Pepper of the Week: Fish Pepper
by Michael Lathrop on Jan 08, 2019
Welcome to The Chili Lab Pepper of the Week Breakdown. This week, we go beyond the heat...and into the waters with fish pepper.
Okay, the only thing fishy about this pepper is what you serve it with. In fact, this pepper doesn't taste like it was plucked out of the water at all. So, why is the fish pepper...the fish pepper? Let's take a look!
What is a Fish Pepper?
The fish pepper rose to prominence in the Caribbean. Contrary to what we call it, the fish pepper earned its name not for having an aquatic flavor. Rather, fish peppers garnered their moniker in thanks to the foods they were often paired with. Popular in oyster bars and crab houses, these peppers became the company they kept, earning them their fishy name.
History of the Fish Pepper
While the fish pepper gained notoriety in North American islands, these colorful fruits slowly made its way to the mainland. Unfortunately, this was due to the fish pepper's popularity with slaves.
Africans brought fish pepper over to the Americas. They enjoyed the kick this chili pepper gave other foods. In the Chesapeake Bay area, many Africans would puree the pepper. From there, they would spread the creamy concoction over their shellfish.
Thankfully, slavery became abolished. An unexpected result saw the decline of fish pepper. However, one African folk artist, Horace Pippin, kept the seeds of fish peppers alive since the 1940s.
Over time, Pippin passed the seeds onto future generations. Due to Mr. Pippin's green thumb, the fish pepper is now seeing a resurgence in the 21st century among foodies of all cultures!
How to Use Fish Pepper?
Although not confirmed, many say the fish pepper is a cross between the serrano pepper and cayenne pepper. Its flavor profile can be described as:
When fish peppers are picked at different points in their life cycle, they bring on different levels of heat. At green, they exhibit low levels of fire. As fish peppers mature into red pods, they bring on a serious kick.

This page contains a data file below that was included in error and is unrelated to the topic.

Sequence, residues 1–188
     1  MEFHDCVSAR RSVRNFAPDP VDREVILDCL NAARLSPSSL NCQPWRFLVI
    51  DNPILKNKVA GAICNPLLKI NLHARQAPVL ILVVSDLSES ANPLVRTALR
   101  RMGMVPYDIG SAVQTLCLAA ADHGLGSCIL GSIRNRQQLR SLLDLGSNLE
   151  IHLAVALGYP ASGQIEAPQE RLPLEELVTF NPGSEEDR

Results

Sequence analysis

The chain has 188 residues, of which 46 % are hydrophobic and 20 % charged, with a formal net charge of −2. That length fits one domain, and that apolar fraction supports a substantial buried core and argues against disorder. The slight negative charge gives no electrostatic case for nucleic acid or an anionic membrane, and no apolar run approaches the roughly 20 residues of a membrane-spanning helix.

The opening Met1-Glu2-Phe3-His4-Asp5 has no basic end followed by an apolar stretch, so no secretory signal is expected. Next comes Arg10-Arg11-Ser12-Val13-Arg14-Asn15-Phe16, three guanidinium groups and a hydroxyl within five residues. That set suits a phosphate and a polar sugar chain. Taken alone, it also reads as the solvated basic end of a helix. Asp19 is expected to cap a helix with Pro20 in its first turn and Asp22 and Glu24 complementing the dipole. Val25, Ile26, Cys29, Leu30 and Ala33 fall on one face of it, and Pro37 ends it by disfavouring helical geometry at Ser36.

Due to such a variant degree of heat, the Scoville level of fish pepper can range anywhere from 5,000 to 30,000 SHU.
While you can puree fish pepper or add it to a sauce, the best way to enjoy fish pepper is through pickling. That way you can toss these flavorful peppers into any salad or on top of a burger for a sweet-and-sour experience.
How to Pickle Fish Peppers
Pickling is a fun, easy, cost-effective, and healthy way to get your fish pepper on! What is so great about pickling is that you can pick and choose what you want to throw into your batch. It's an ever-evolving process. However, if you don't know where to start, let us help you.
Pickled Fresh Peppers
- 3 cups whole ripe fish peppers
- 4 cloves garlic
- 1 teaspoon white peppercorns
- 1 teaspoon yellow mustard seeds
- 1/2 teaspoon fennel seeds
- 1 cup water
- 1 1/2 cup white vinegar
- 2 1/2 tablespoon pickling salt
To learn more, read the recipe @ Coconut & Lime.
Fresh Pepper Piccalilli
- 5 green tomatoes
- 1 fennel bulb
- 1 onion
- 1 red bell pepper
- 3 fish peppers
- 2 cups cider vinegar
- 1/3 cup water
- 1/2 cup brown sugar
- 1 teaspoon grated fresh ginger
- 1 teaspoon coriander seeds (toasted and smashed)
- 1 teaspoon mustard seeds
- 1 teaspoon turmeric
- 1/2 teaspoon fresh ground black pepper
- salt to taste
Read more by checking out This Must Be The Taste.
Get Social with Fish Pepper
Feel like a fish pepper aficionado now? Well, join us on Instagram for even more fish pepper fun. Also, be sure to check in for next week's #POW...PRIK CHI FAA